It may be strange to talk about the year just gone at the beginning of October. For most of you the year doesn’t end for another 3 months. This isn’t the same for everybody. The Jewish New Year called Rosh Hashanah took place at the beginning of October. With the fact all the shops are already loaded up with goods for Christmas, I feel it justified to write about reviewing the year just gone. Plus the fact, anytime you’re ready to plan your life forward, whenever that may be, you can do a review of your previous 12 months.
In the Jewish prayer book for the New Year one is urged to do a review of the year just gone. To peer into one’s life with wisdom and discernment, to evaluate what one can see, and then with strength to act with resolve to change whatever needs improvement. Good advice for anyone.
You may be filled with memories of the year gone by, its joys as well as its sorrows. For the happy times that you enjoyed in the year gone be thankful, for those times of trials and tribulations evaluate what happened and why, and learn from the experience. The more we look at the things that have happened the better prepared we are to avoid similar mistakes and create more joyful moments.
The prayer book says:
Give me Your light that I may see my varied experiences in their true meaning. As I look backward, may there be revealed to me how much richer, how much more abundant were my blessings than my privations, and how even my losses, my trials, my sorrows have within themselves the possibilities of higher good.
I believe this is of immense importance. Not to ignore what’s happened or try to forget it, but to look at it and determine what you did wrong, what you could do better, how to avoid them happening again. There is so much we can learn by putting our life under a spotlight and then being honest with ourselves, and see exactly how you have been, what you’ve done as well as not done. By doing this you really can get to grip over yourself and make things so much better in the period ahead.
Following on from Rosh Hashana, the Jewish New Year, comes Yom Kippur, the Day of Atonement, where one repents their sins, looking back over their previous year remembering, or owning up to all their sins and shortcomings, of opportunities neglected, of time misspent, of abilities and powers perverted to lower purposes, all those timers they let themselves down. Because after all you really are 100% responsible for your life and the actions you take.
Everyone of you should review your year, remembering the good times, which should bring a smile to your face, but then take time to think of all your failures, bad moments, unhappy times as well as all the ones where you let yourself down, or did bad against another person or even yourself. Think of it as stepping into a personal confessional. It’s so important to admit to your mistakes, wrong doings and time you’ve wasted away.
“Admitting your mistakes is not a sign of weakness. It shows you have the courage to know your wrong, and that you have become stronger.” Aaron DeCamp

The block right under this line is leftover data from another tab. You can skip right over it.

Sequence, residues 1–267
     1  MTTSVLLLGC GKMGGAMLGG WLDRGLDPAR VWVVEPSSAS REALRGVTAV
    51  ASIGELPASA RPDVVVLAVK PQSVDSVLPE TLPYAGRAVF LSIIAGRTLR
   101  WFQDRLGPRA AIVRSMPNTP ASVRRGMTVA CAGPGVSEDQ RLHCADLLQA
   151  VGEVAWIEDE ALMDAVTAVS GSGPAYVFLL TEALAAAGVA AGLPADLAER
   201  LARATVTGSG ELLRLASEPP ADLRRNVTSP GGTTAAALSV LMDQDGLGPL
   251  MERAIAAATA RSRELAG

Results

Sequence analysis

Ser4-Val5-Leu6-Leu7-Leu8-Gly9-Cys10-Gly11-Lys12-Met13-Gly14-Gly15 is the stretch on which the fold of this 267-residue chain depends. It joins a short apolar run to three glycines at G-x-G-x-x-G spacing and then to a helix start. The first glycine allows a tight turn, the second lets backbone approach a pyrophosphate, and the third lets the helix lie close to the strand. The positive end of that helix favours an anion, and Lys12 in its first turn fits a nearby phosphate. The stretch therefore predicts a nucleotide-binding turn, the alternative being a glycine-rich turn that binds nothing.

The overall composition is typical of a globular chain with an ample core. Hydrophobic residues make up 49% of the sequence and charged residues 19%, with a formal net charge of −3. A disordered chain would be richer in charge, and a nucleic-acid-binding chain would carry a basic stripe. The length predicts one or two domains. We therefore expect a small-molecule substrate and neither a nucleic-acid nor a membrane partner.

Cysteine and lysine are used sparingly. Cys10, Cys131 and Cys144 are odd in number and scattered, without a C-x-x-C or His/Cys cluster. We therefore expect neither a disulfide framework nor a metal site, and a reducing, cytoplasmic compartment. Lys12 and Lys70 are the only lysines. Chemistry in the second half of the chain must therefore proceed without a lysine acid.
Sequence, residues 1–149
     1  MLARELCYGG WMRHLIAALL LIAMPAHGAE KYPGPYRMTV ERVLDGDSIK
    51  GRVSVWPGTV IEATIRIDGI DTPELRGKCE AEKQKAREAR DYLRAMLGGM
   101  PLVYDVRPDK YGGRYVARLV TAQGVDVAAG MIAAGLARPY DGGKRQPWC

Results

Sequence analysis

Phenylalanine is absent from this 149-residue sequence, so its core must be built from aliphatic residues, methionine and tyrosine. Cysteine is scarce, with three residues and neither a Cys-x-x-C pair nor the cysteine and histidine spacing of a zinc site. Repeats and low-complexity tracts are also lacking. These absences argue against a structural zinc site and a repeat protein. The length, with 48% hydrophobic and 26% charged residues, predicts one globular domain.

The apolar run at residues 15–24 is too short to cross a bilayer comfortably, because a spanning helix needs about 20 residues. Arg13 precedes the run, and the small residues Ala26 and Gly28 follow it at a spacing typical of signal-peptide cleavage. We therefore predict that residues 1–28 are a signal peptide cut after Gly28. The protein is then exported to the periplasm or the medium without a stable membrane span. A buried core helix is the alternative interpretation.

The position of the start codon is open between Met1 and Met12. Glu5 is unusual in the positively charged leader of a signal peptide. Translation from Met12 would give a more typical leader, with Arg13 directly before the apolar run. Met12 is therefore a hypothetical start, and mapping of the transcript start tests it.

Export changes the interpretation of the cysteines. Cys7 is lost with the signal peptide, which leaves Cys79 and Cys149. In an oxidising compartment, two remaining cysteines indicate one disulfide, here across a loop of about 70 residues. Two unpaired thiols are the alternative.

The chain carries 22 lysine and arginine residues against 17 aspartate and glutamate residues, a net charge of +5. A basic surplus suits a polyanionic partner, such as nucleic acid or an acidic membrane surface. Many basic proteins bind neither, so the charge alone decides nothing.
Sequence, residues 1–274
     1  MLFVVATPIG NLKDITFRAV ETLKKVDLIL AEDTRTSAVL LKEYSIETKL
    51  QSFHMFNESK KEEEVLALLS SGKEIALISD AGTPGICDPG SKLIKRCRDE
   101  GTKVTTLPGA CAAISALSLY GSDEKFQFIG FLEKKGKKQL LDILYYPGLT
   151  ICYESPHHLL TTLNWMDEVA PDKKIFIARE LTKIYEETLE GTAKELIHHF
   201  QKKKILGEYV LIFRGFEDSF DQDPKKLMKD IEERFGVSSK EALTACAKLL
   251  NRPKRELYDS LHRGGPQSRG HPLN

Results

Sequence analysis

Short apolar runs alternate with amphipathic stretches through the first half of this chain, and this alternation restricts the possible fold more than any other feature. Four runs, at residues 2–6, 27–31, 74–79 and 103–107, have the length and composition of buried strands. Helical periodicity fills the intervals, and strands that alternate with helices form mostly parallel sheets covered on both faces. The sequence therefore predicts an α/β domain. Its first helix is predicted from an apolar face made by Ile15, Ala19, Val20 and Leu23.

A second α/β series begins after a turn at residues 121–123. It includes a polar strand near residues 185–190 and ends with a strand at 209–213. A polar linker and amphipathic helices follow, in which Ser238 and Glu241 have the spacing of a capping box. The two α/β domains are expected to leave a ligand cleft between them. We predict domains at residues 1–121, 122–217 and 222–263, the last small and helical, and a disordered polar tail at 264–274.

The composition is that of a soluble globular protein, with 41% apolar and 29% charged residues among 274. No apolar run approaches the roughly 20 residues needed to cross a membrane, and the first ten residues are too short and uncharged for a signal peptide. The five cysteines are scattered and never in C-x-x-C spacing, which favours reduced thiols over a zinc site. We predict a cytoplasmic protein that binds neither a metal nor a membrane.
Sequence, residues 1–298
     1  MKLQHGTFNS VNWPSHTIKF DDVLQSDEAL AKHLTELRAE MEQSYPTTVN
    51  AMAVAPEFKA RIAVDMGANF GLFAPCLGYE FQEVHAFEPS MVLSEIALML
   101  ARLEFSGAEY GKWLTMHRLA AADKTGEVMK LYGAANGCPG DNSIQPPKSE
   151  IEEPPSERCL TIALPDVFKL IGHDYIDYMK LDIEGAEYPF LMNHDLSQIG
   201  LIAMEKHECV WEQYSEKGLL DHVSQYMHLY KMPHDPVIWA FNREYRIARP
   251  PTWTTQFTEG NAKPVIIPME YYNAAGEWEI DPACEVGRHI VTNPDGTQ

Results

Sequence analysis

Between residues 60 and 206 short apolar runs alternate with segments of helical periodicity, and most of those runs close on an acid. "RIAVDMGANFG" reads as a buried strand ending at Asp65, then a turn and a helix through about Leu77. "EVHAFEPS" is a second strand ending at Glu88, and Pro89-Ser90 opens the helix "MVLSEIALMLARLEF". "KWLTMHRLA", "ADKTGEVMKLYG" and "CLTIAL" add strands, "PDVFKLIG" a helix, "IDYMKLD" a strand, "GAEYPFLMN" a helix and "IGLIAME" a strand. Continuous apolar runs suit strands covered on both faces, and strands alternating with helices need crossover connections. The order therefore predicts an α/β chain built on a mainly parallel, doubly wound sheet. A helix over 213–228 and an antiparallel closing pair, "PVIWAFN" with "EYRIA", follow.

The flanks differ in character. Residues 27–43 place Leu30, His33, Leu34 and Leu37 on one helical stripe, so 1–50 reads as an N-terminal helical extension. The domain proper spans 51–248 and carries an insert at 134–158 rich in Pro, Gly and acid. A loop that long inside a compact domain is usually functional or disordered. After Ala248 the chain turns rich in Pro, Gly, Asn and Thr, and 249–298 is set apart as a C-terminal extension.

We all know the uncomfortable feeling of accepting we’ve made mistakes or done wrong, but no matter how much it hurts to accept these things, the benefits will be vast. Making mistakes is human. Since we aren’t all-knowing or all-powerful, we all will mess up at times. It’s never easy to admit you’ve made a mistake, but it’s a crucial step in learning, growing, and improving yourself.
“We are told that “life is to be measured in terms of character and usefulness, and that more than mere length of days are breadth of sympathies, loftiness of ideals and greatness of service. Aid me to utilize rightly whatever added span of time You, in Your grace and goodness, shall accord to me.”
So do a self-examination of your life and your past year. As you look back over the past year, remember the wrongs you did, the unkind words you spoke and the pain you brought so as to insure you will not repeat them in the future.
To make the best of the next 365 days and to ensure life begins to see massive improvements you now need to review the year just gone and determine what needs to change, empower yourself with exciting goals, rid yourself of your bad habits and fill your days with purpose.
“Being the best version of oneself is something everyone should at least try to be. If everyone would do that we could make the world a better place.”
I hope you enjoyed this post, and if you have any further thoughts, ideas, reflections or suggestions about this topic, than please feel free to comment below.
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I try to be the best version of myself daily. It is something that I realized at a late age, but that comes with maturity. When you try to be the best version of yourself, you will notice better things happening in your life, at least i have!
Well said William, constant and never ending improvement should be our goal, looking to fulfil our potential and contribution.